These days, it is not possible to mention Singapore Savings Bonds without Treasury Bills (‘T-bills’) in the same conversation. According to Monetary Authority of Singapore (‘MAS’), T-bills are essentially short-term Singapore Government Securities (‘SGS’) issued at a discount to their face value. While the interest rates offered for T-bills are higher at 3.3% for the latest offering, they are not as liquid in the secondary market. Therefore, I am giving T-bills a pass as I want to be able to sell and raise cash quickly to take advantage of any market crash.
3) Money Market Funds
In all honesty, I am not familiar with money market funds until the robo-advisory platforms began to offer them one after the other. I was invited to try Moomoo Cash Plus and after using it for a while, I find myself quite liking this product. This is where I park idle funds that were already sitting on the zero-commission brokerages. These idle funds are a result of distributed dividends, leftover purchases or sale of previous securities. The 7-day yield for the Fullerton SGD Cash Fund stands at over 2% which beats the interest rates in Diagram 1. However, do note that the returns of cash management funds are typically not guaranteed. With the generous welcome offer thrown in for even existing users, I decided that this product is a good place to deposit my emergency funds as well.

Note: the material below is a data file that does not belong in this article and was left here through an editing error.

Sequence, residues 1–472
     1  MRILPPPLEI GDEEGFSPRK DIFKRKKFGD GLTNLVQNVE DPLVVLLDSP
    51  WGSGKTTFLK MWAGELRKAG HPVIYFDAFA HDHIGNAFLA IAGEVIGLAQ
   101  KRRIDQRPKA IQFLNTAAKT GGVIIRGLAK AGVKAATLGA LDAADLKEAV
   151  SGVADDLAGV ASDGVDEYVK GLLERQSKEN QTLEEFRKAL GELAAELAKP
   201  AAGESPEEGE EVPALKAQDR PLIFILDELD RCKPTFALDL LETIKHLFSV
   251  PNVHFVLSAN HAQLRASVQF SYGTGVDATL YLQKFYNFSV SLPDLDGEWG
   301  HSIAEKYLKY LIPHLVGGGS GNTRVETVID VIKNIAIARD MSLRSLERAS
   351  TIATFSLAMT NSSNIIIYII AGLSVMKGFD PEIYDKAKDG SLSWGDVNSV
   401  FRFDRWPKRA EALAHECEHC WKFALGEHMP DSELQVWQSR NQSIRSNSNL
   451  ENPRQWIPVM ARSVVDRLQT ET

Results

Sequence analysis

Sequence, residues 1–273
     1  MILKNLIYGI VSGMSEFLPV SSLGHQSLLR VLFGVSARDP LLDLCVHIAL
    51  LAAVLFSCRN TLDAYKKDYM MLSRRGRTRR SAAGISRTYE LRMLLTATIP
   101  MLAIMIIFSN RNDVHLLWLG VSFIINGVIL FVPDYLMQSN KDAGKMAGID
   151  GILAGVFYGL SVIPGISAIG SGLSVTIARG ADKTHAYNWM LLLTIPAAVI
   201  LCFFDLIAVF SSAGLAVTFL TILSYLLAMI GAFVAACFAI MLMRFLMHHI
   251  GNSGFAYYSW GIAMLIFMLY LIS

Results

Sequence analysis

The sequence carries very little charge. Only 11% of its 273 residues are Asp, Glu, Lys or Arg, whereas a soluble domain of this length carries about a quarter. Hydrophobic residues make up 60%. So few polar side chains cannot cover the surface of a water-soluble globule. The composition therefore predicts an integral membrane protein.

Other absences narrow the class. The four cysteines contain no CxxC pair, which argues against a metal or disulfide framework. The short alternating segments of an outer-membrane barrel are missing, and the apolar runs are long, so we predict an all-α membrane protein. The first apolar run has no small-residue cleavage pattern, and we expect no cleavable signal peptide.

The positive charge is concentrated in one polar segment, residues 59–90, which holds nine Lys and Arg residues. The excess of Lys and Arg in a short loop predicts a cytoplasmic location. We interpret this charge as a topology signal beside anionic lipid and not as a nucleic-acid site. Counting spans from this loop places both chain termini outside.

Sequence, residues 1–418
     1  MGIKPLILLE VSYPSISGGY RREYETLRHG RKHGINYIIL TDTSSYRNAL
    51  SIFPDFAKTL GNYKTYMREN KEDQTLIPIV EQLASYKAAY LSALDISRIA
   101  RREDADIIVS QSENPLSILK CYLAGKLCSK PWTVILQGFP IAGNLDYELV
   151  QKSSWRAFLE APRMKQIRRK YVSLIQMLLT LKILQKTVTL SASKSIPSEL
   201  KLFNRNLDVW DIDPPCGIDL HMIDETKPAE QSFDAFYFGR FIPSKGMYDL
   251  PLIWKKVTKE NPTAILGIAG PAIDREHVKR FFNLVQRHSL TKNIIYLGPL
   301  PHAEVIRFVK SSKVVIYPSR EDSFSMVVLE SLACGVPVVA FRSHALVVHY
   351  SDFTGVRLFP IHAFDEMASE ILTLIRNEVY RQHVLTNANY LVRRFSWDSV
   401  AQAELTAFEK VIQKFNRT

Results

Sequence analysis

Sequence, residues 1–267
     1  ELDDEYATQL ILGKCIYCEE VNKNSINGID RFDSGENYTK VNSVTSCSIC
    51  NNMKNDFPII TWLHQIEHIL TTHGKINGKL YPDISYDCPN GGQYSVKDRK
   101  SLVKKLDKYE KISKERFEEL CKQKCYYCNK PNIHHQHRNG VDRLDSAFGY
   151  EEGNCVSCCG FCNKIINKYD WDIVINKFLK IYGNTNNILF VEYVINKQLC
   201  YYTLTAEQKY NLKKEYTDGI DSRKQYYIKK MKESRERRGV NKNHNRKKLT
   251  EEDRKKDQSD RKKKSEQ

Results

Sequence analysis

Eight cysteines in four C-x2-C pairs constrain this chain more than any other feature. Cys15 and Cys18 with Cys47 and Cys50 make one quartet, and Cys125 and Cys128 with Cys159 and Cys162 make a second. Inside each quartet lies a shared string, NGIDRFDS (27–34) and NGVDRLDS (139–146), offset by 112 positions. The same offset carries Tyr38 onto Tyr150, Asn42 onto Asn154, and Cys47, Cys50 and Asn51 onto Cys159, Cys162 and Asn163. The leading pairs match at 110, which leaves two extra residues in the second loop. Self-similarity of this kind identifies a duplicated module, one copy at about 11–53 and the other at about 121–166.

4) Insurance Savings Product
On the other hand, I find that insurance savings product are not the best places to deposit my emergency funds in 2022. I was a previous user of Dash EasyEarn, Dash PET as well as Singlife. As shown in Diagram 3, these products have served me well and generated a few hundreds in interest rates over the past few years.
Unfortunately, in the current interest rate environment, their returns have become relatively poorer. As a result, the funds have all been withdrawn to be placed under Singapore Savings Bonds instead. Here is an example of how I liquidated Dash EasyEarn.
Step 1) Contact etiqa via whatsapp or email
Step 2) Provide your policy number and answer a series of KYC tax-related questions
Step 3: If your NRIC is registered with PayNow, check your bank account for the funds after 3-5 working days.
Readers would notice that fixed deposits are missing from this article. This is because I don’t find them attractive at all given that withdrawal before maturity usually incur a penalty. As I place a high priority on liquidity, I find that the alternatives presented here, such as the SSB, are superior to fixed deposits. Afterall, these are emergency funds that we are talking about which are important because we do not know when we might need them for a rainy day.
This is my strategy to park my emergency funds in 2022, happy to hear from readers any other viable options that I might have omitted! Every bit of additional return count to fight the inflation monster!
*Note that this article contains referral links that goes to maintain the sustainability of this blog